While in many ways life in our cities has become impersonal and characterless, new technologies have created outer environments where we now increasingly exist. It’s where we work, communicate, research, shop, and live our lives. We should take time to understand that while we pull away from each other because we can, we should not. Just as we created buildings that hermetically sealed us away from the world, we are embracing technologies that may be seductive and useful, but that can also nullify personal contact, celebrate fictitious environments, and embrace non-existent communities.
[New York’s Highline, in the quiet days before it opened; photo by Iwan Baan]
We are like Michel Dufrency, the main character in Jules Verne’sParis in the Twentieth Century, wandering around a frozen, dying Paris. Are we becoming lost in a world that values technology and business at the expense of culture and meaning? If so, this can lead to a future of alienation and superficial experience. It can result in a life centered not in deeply rooted experience and identity but rather in an abstract world, safe and available, easy and detached, just a click away.
New Culture Club
Fear not, readers, there are encouraging indicators that we are stepping back from this void.
Across the country, we are seeing a return to the cities. Ironically, it’s the Internet generation that is placing an extraordinary emphasis on lifestyle and culture over business and compromise. With a renewed sense of social responsibility, they repopulate our downtown areas, value organic products, demand sustainable practices in construction, products, and energy use, and expand their culture and sense of community through a natural use of technology.
Ironically, it’s the Internet generation that’s emphasizing lifestyle and culture.
While as a medium, social networking can seem abstract, it does reflect a value and a renewed sense for community. This sense is connecting people and forming new and productive initiatives that are having direct positive effects toward revitalizing our cities. Projects like theAtlanta BeltLine and New York’s High Line have very real and regenerative effects on our cities. These projects rediscover clues to significant elements of our past, reinterpret their original design intents, and create particularly relevant environments for our future. They reconnect and transform; they place high value on the distinctiveness of place and people, and they look toward a future where cities are sustainable, inhabited, alive, and meaningful.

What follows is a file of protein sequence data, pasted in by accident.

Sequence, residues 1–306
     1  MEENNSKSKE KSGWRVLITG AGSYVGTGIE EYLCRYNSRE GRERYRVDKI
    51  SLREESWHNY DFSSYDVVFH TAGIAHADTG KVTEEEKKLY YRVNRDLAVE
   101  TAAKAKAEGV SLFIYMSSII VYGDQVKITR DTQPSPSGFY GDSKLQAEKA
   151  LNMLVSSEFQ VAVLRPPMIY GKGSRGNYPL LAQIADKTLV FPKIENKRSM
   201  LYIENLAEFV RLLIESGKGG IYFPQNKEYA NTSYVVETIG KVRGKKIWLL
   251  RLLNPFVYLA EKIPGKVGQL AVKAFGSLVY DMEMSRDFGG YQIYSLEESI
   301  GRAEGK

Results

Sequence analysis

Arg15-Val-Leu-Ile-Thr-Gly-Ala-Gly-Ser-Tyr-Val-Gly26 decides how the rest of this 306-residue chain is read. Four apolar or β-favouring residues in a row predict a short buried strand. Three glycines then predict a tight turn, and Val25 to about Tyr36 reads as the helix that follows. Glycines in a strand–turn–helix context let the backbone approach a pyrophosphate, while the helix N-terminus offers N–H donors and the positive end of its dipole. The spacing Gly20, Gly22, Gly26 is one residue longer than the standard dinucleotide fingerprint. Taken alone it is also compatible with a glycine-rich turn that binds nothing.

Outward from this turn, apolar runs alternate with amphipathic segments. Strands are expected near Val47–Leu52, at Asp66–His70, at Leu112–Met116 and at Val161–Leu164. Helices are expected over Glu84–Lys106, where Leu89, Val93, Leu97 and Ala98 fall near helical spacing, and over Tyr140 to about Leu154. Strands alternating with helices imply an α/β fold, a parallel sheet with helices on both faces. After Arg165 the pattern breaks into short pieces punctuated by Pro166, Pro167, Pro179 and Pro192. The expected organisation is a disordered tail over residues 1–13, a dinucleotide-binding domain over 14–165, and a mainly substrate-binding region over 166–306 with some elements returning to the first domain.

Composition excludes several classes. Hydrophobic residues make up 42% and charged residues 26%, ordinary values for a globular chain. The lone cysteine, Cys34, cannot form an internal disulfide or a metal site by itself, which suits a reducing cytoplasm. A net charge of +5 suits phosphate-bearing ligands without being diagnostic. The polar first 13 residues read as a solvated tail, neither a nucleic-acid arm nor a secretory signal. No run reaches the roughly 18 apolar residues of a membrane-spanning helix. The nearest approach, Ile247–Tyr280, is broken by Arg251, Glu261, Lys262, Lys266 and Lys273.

[New York’s Highline; photo by Iwan Baan]
There has also been a return to the value of design, and, this time, at a popular level. The extraordinary success of Apple products has demonstrated that there is a true appreciation for function and beauty and that in many cases, beauty is the differentiating value. The medium is the message and the medium is beautiful.
This appreciation for the well-designed product is influencing the built environment, because investors know that the well-designed product may make the financial difference between success and failure. Distinctive, imaginative buildings are used by both public and private clients to recruit and retain the same valuable, now design-friendly, staff–the citizens of the next cities.
The Internet generation, with a natural inclination towards an expansive worldview and an impatience bred by technology, will disperse these very positive and transformational attitudes and will have an immediate and widespread effect on life in our cities.
Cities of the Future
Our cities will move forward on a positive path, and they’ll be smarter, more interconnected, and grounded on strong, shared values and an appreciation for what was almost lost. Building distinctive bonds between cultural values and a changing world, our cities will grow to be at ease with context, content, and transformation.
While the world has changed a great deal in the past 150 years, those things we need remain essentially the same. The future is neither a bleak Orwellian society nor a bland Kubrick-like fate. To understand the future is to appreciate our past. People and their experiences will create vibrant communities that will shape the cities of the future. These new cities will share with those of the past the elements of time, uniqueness, and physical engagement. They will form indelible bonds that will create lasting memories and will stay alive in the imaginations of their citizens.
As Design Director for Perkins Will’s Atlanta office, Manuel Cadrecha’s designs have been consistently recognized with regional, national and international design awards over a 30-year career. He is recognized as a strong, agile designer and a successful consensus builder, creating distinctive unified designs for each project. Manuel is the Corporate + Commercial + Civic Global Market Sector Leader and serves on the firm’s Board of Directors. By considering cities of the past, he predicts what cities of future will be